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This must be the worst year ever for potaoes,although first earlies did reasonably O.K., Kestrel and King Edward have been a real poor show.
Last year both gave me 2x 25kg bags of spuds, this year about half a bag each.
The K.E especially poor, a lot of very small tubers still attached to the roots which appear to have never got going at all, and of course this year I can't blame a lack of water.
Peas have been just as bad, Beans have never got going,so only really got Onions, and a few of these have bolted, and Garlic left to look forward to,
I've found the same with those grown in bags, but the ones I grew in the ground - same variety - I've had a bumper crop
I'm in Lancashire and usually only grow spuds in bags although this year grew a main crop in the veg bed.
The bags have been just as good as previous years although it was difficult to guage when to water because of all the rain, which didn't aways reach the compost. The main crop has not done as expected. I was expecting it to grow for longer but cut back dying foilage last weekend so I'm now leaving it for a couple of weeks to let the skins harden before digging it up, fully expect the spuds to be half eaten by slugs..
I've been pruning and weeding tonight and virtually every plant,stone, leaf I lifted had slugs and snails under it. I was hoping to leave some potatoes in the ground but I'm thinking I should dig them all up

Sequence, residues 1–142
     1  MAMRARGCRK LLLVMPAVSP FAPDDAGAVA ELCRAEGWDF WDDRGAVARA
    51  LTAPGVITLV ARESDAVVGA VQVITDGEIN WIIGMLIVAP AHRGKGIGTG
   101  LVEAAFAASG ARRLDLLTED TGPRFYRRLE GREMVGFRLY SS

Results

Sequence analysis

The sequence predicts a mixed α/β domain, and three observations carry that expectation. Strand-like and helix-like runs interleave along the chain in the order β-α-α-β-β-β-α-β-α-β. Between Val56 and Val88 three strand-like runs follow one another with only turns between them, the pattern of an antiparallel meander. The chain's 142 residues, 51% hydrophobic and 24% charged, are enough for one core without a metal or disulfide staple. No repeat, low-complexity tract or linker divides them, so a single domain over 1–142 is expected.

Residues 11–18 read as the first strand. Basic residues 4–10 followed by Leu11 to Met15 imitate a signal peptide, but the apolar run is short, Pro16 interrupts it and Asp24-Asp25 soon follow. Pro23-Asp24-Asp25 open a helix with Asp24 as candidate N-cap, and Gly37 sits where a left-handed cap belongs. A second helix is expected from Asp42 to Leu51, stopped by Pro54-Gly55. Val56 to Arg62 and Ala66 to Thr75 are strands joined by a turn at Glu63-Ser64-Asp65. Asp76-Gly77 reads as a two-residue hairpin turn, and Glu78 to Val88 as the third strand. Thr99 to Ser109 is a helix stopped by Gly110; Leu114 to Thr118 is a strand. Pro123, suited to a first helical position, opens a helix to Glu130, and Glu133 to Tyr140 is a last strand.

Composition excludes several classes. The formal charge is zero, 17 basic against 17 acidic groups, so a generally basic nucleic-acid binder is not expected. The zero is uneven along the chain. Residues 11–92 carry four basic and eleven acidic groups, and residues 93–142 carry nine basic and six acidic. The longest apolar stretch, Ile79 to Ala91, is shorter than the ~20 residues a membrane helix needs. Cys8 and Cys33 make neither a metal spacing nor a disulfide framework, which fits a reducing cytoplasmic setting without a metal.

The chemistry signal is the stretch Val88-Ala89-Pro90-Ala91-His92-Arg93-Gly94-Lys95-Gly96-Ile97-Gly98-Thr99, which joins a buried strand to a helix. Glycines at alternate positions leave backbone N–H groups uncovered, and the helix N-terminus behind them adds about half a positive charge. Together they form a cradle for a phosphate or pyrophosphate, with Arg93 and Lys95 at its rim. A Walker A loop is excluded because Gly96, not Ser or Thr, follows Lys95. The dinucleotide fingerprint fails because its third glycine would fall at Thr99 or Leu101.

still haven't eaten a single bean or tomato this year Mostof my onions bolted
Its all been a bit rubbish this year
I usually grow toms in a GH but planted out spares in the veg bed this year.
In the GH a bought plant started to produce cherry toms a few weeks ago(can't remember the name) but red cherry and red pear grown from seed are now going red, picked the first today. Most of the other varieties in the GH are ladened with fruit but still looking very green. Bit the bullet at the weekend and composted the one's planted out in the veg bed to make room for other vegs. Lots of unhealthy looking growth with only one or two trusses and lookingt very much like slug fodder.
Beans have been slow and most had yellow leaves at the bottom but they are now over 6ft high with tops pinched out, 5 or 6 different varieties. Picked the first runners at the weekend. I've been taking off the snail damaged leaves, they deserve a gold medal, how they manage to climb up a pole and down during a night, I really don't know
I started digging one King Edward to see what was going on underneath,and found some slug damage, so then decided to carry on and remove the lot.
I think anyone who was just starting out growing veg this year could be put off for life from bothering.
We planted Maris Bard and 10 tubers of Vales Emerald as a triall. The Maris have been fantastic, slight slug damage but nothing much, good flavour.. The Vales Emerald have been awful. Not so much the yield, but the taste. They have no flavour and break up when cooked. When MD did his potato trial a few weeks ago he blamed the weather has he had similar results from some of his spuds. We garden on sandy loam, the ground drains fairly quickly so we don't get as many slugs.
Runner beans are coming on, onions good, great lettuce, but beetroot, carrots disappointing.
We have been gardening for 47 years on this plot and have had some bad years, but none like this.
Renfrewshire - I grew Desiree and Arran Pilot this year in the ground, and ended up having to lift them early because of blight (which I had never had).The result was a poor crop of small tubers. The quantity will not see me through the winter, that's for sure. Has anyone else had potato blight?